NHS Long Term Plan: The verdict for children and young people with serious health needs
Posted on the 10th January 2019
The NHS Long Term Plan, published this week by the Government, set out the vision and strategy for the next 10 years of the NHS in England. But what does it mean for our growing population of children, young people and their families living with long term serious health needs?
Redesigning the NHS service model so that more people can be cared for at home, or closer to home is directly in line with WellChild’s mission and strategy, but it must factor in the specific needs of children and young people living with long term serious health needs and their families. This new service model cannot be a model for adult care alone.
Greater recognition and support for unpaid carers within the plan and moves to enhance the experience of families is a positive step. With growing numbers of families providing high levels of 24/7 care at home to medically complex children, this must be matched with good quality and ongoing training, support and respite services to further avoid unnecessary hospitalisation and to prevent families from hitting crisis point.
We welcome moves to change how transition to adult services is managed – moving towards more person-centric care, rather than arbitrary transition to adult services based on age and we look forward to understanding how this will be implemented for young people living with complex medical needs.
Children’s health needs are to be intensified and given higher priority at a national level, which is a positive step. We welcome measures to give children a stronger start in life, improving survival rates and reducing serious brain injury. With more children surviving and living longer with increasingly complex medical needs, we must match these ambitions with a workforce and social care plan to support and empower parents and families who will be required to take on 24/7 complex care responsibility throughout their child’s life.
A renewed commitment to grow investment in mental health services faster than the NHS budget overall is good news. We know the immense pressure that 24/7 complex medical care can have on the emotional resilience of parents and carers. However, in addition to increased mental health investment, we must recognise that we can prevent and alleviate much of this emotional strain through improvements in early intervention around areas such as community support, training and access to respite. This includes investment in key workers to alleviate pressure, improve resilience and help prevent families reaching crisis point.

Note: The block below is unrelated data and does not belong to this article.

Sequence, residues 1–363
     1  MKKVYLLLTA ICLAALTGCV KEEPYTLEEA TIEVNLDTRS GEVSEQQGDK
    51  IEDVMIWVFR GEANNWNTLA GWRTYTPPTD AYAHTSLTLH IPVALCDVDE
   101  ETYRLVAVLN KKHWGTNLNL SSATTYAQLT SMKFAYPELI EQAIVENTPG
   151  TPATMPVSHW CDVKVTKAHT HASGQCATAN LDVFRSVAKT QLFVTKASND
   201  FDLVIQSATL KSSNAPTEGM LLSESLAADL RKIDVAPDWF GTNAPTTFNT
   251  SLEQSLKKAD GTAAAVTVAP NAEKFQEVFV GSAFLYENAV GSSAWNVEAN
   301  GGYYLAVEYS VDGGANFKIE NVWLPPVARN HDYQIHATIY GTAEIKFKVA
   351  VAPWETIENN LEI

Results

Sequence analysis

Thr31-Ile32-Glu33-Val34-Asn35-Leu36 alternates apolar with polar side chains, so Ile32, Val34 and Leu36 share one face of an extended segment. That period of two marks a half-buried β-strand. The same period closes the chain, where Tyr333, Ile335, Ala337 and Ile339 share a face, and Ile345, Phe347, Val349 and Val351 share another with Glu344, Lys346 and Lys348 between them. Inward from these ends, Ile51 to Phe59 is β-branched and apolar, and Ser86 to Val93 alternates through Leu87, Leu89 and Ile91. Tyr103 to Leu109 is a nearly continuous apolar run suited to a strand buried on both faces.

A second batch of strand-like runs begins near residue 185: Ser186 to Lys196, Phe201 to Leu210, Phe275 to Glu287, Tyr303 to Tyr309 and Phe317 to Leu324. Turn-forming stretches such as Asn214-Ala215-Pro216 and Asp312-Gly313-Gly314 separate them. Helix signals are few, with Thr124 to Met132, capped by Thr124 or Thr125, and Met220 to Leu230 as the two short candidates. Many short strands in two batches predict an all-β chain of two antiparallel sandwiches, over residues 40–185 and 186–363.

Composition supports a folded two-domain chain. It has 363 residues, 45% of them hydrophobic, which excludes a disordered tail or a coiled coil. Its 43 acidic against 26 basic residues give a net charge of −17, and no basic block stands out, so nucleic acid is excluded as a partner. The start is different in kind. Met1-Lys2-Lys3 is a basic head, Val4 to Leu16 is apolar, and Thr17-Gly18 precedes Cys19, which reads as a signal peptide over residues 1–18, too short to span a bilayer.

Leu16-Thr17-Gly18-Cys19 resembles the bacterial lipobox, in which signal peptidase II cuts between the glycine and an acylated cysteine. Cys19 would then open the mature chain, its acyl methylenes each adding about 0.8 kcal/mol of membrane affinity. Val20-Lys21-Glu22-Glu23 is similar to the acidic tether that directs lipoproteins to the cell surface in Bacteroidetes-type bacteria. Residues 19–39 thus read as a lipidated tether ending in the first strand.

Whilst the extra funding path for the NHS of 3.4% on average for the next five years will always be welcome, it does not tell us how the Government will directly address the crisis in health provision for disabled children and young people. In particular, how it will meet the £1.5 billion annual shortfall in funding highlighted by the Disabled Children’s Partnership.
The plan identifies a number of opportunities for the use of digital technology for improving our understanding, creating more integrated data sets and for empowering people to take more control over their care. These are all welcome ideas that could be transformational in an environment where national data sets on the needs of children and young people are sorely lacking and as we look to better empower families to care at home. They are ambitious plans and we look forward to seeing urgent action in this area.
Realising many of the ambitions within this plan for children, young people and their families will require a strong and robust children’s health community workforce. It will also require an equally matched social care plan and budget that addresses how parents and carers will be properly supported.
Colin Dyer, CEO at WellChild
Colin Dyer, Chief Executive of WellChild said: “Realising many of the ambitions within this plan for children, young people and their families will require a strong and robust children’s health community workforce. We therefore look forward to hearing more about the workforce implementation plan and budget in due course. It will also require an equally matched social care plan and budget that addresses how parents and carers will be properly supported and empowered to take on increasing 24/7 complex medical care responsibilities at home. High quality training and access to respite services is critical to this, yet is not adequately addressed in the new NHS plan”.
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